World War Two bomber veteran flies again in a B-17

“Yankee Lady” B-17 Flying Fortress bomber. [Via]

A World War Two bomber veteran gets to fly again in a B-17 more than 70 years after he last flew in the bomber.

George Hartman, who is now 91 year old, was a tail gunner in the B-17 bomber during World War Two. In his last war time flight, George and the rest of the crew were shot down over Germany. They were captured by German troops and were held as prisoners of war for the rest of the war.

Now, this week a B-17 bomber made a special flight to Muskegon airport to pick up George who was to have another final ride in the B-17.

To reward George for his service he was awarded the free flight in the Yankee Lady B-17, as part of an air display based at the airport over the Independence Day weekend.

George said that the special flight came as a complete surprise. George’s son had put George’s name into a lottery that picked his name for the free flight. George said that it had been so long since he was last in a B-17 and that it brought back lots of memories.

George had always kept an interest in the B-17s and had visited many air shows to see them still flying. While he said it was a good experience, he said it brought back a lot of emotions too. He said the memory of being shot down over Germany was one of his worst missions ever.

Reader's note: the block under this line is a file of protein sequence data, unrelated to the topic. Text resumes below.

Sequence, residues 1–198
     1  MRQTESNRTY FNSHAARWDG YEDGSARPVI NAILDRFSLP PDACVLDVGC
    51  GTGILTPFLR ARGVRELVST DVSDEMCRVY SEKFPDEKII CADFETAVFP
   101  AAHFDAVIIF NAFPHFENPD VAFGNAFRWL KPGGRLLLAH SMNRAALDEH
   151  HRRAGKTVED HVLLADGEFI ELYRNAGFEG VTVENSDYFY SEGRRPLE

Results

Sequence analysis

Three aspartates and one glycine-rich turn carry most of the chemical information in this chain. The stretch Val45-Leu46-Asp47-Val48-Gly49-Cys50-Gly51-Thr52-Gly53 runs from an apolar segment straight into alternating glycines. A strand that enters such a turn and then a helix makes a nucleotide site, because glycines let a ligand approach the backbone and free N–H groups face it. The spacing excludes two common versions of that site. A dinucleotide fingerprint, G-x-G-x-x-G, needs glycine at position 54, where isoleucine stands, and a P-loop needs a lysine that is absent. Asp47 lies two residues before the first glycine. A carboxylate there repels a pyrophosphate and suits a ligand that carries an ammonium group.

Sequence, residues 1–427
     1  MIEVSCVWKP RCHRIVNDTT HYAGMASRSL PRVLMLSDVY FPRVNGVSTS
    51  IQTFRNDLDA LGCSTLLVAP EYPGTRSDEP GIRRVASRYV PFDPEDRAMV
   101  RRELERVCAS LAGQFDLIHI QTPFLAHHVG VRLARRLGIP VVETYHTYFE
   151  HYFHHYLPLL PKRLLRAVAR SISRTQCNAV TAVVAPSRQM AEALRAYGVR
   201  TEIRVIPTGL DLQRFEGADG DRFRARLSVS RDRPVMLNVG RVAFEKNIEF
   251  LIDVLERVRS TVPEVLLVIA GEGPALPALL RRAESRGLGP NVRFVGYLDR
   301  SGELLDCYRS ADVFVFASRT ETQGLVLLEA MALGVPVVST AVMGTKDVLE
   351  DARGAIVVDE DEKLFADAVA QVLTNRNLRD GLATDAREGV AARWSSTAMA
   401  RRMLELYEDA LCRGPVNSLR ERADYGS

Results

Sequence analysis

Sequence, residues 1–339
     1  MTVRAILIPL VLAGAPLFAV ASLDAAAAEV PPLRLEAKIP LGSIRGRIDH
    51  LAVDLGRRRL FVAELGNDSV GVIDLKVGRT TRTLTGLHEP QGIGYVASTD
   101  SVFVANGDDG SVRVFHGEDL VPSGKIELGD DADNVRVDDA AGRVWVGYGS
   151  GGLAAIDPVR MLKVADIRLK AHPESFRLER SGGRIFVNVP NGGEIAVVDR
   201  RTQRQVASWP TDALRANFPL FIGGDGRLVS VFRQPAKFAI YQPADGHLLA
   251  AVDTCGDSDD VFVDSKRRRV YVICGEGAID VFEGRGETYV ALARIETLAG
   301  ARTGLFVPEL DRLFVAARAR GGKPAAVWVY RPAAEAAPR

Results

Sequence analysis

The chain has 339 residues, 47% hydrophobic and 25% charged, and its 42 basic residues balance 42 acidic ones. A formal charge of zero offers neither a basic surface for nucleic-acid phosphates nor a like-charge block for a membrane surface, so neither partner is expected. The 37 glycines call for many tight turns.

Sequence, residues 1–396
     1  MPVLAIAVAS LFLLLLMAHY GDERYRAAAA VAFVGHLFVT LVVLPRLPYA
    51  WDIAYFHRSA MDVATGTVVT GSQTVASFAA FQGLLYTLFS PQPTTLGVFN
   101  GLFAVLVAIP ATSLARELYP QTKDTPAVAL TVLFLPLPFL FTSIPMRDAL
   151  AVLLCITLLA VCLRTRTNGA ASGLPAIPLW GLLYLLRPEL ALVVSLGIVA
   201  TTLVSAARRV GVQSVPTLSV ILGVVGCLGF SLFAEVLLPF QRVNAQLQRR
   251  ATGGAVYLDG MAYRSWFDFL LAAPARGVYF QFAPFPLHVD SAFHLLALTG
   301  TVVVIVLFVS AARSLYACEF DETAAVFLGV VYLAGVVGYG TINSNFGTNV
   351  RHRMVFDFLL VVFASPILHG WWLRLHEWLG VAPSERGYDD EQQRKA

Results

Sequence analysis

George said that now looking back war seems such a waste. He said that World War one should have been the end of world wars, but that wasn’t and still isn’t the end of it.

On the mission in which George crashed landed, it was his 24th mission at the end of 1944. He was flying with a full squadron of B-17s flying over the north of Germany. They were headed for Meersburg which was a hub for Germany’s oil refineries and vital to the German’s fuel supply.

George’s plane missed the city of Meersburg but instead hovered of Zeitz nearby. Anti-aircraft fire from Zeitz caught the plane and its engines failed.

Most of the crew ejected out of the aircraft and parachuted to the ground. They managed to avoid enemy troops for around a day, but were eventually caught and sent to Stalag Luft IV for the rest of the war.

George recalled how there were about 10,000 prisoners at the camp and that conditions were terrible. There was little food and most had to sleep on the bare floor, the MLive reports.

George and the rest of the prisoners were forced to take part in the Death March across Germany as Russian troops neared the camp. The march took 86 days and thousands died. George survived and was liberated in May 1945 by Canadian troops.

Ian Harvey

Ian Harvey is one of the authors writing for WAR HISTORY ONLINE